Pictures of my body — or perhaps more specifically, pictures of my body parts — stared at me from the chat, and I slowly felt my mouth pull at the corners to form a grimace. I had just sent my first nudes, and instead of feeling horny or turned on, I felt complete and utter disgust, along with a sense of regret. The man I was messaging on Grindr had asked me for nudes after sending pictures of his penis, and given that I was only looking for sexual gratification at that moment, I was not particularly opposed to sending my own pictures back.
However, I still could not shake this feeling of disgust. While I was not attracted in any way to this random man, his actions and his request did not completely deter me. I was deeply ashamed of myself, but the reason was not entirely clear to me at that moment. Perhaps it was because I was uncomfortable with being sexual, or perhaps it was because I had felt forced to exchange nudes, not by the man but by the culture of the “dating” app.
I only learned later through interacting with many other queer men online that both reasons served to create my discomfort and my disgust with myself after sending a nude.
I am not opposed to people using dating apps purely for sexual purposes. After all, I have used Grindr and Tinder solely for hookups in the past and will probably use Tinder for sex in the future. Part of sexual liberation is the ability to express oneself sexually and consensually without the judgment of the greater society, and I do not want to contribute to the demonization of casual sex by eliminating these dating apps or shaming the people that use them.
However, another major part of sexual liberation is autonomy, or the ability to choose. I was torn between these two concepts when I first started using Grindr and Tinder because I felt ashamed for desiring sex in a society that was hostile to sexual expression and my sexuality, but I also felt external pressure to display and sculpt my body for the viewership of other queer men. Unfortunately, the toxicity within these dating apps destroys the mental health and body image of many queer men, with those who are young and vulnerable being the most susceptible to harm.
Like many other queer men, I suffer from body image issues in that I view my body as inadequate when comparing myself to my peers. I am Asian and do not really fit into queer male body types beyond “average,” so I greatly struggled with trying to fit into the preconceived notions of my personality and body. This issue is further exacerbated on dating apps, where attractiveness forms the metric of your worth. I distinctly remember avoiding interacting with attractive men online to save myself from embarrassment and shame.
Body image issues run rampant in queer men because, unlike their straight male counterparts, queer men experience the male gaze with a new level of intensity — they are both the subjects and the observers. Thus, queer men have a very specific experience in that many of them have to turn to dating apps in order to receive affection or sexual gratification but are harmed in the process of searching for someone to fulfill their needs. I can’t completely eliminate myself from this equation as I sometimes unconsciously contribute to this hierarchy of beauty, but I try to avoid judging people entirely on their looks.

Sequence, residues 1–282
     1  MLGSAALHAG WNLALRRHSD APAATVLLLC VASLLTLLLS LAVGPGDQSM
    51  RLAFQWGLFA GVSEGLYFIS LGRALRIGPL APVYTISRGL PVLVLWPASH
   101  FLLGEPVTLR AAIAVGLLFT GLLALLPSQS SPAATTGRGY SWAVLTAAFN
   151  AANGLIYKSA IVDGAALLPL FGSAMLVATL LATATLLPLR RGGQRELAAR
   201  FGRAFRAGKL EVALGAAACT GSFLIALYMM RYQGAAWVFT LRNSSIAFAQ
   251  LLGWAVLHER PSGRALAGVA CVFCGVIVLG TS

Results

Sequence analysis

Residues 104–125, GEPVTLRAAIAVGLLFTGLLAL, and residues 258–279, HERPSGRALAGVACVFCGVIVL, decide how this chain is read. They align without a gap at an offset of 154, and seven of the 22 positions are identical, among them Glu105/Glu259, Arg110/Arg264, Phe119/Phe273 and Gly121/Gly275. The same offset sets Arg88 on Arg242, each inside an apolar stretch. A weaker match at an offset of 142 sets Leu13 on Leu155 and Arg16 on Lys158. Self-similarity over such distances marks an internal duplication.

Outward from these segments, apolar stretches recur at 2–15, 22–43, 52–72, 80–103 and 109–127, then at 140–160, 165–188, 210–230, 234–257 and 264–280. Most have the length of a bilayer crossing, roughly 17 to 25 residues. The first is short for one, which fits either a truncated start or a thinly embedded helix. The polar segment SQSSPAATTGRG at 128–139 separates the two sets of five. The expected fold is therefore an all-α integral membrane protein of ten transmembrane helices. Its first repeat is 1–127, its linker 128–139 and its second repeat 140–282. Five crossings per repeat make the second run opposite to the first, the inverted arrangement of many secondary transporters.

Objectification is bound to occur, specifically in online spaces where interactions are limited to brief conversations and pictures, and people, such as myself, sometimes desire to be objectified. In a way, people lusting after your body is incredibly validating because, while perhaps signifying an unhealthy mindset, it suggests that they at least find your body attractive. However, that form of validation is fleeting and empty because it can only satisfy someone for a temporary period, and it is not something that I recommend to anyone.
In a way, dating apps create an environment in which people who feel inadequate — especially queer men given their limited dating options — decide to trade away a piece of themselves in the form of nudes to experience validation. While I craved sexual gratification, I realized that more than that, I wanted someone to find me attractive and desirable. However, I did not find any sort of fulfillment through sending nudes to people in hopes that they would desire me because I knew that it was ultimately meaningless. I would never interact with or meet these men ever again, and their words of sexualization could never make me happy.
That being said, sometimes a quick nude is desirable, but not for the reasons that I mentioned. Sexual expression and sex, while supposedly an equal trade in pleasure, should not come at the expense of the self, but rather, they should be enjoyable and fulfilling activities. Temporary validation is ultimately unsatisfying, so the only person that we can validate is ourselves. We should not feel forced to display our bodies in exchange for love or sex.
So send that nude, but make sure that you want to send it for your own enjoyment and not because you feel obligated to share such an intimate piece of yourself.
Joaquin Najera writes the Tuesday column on sex. Contact him at [email protected].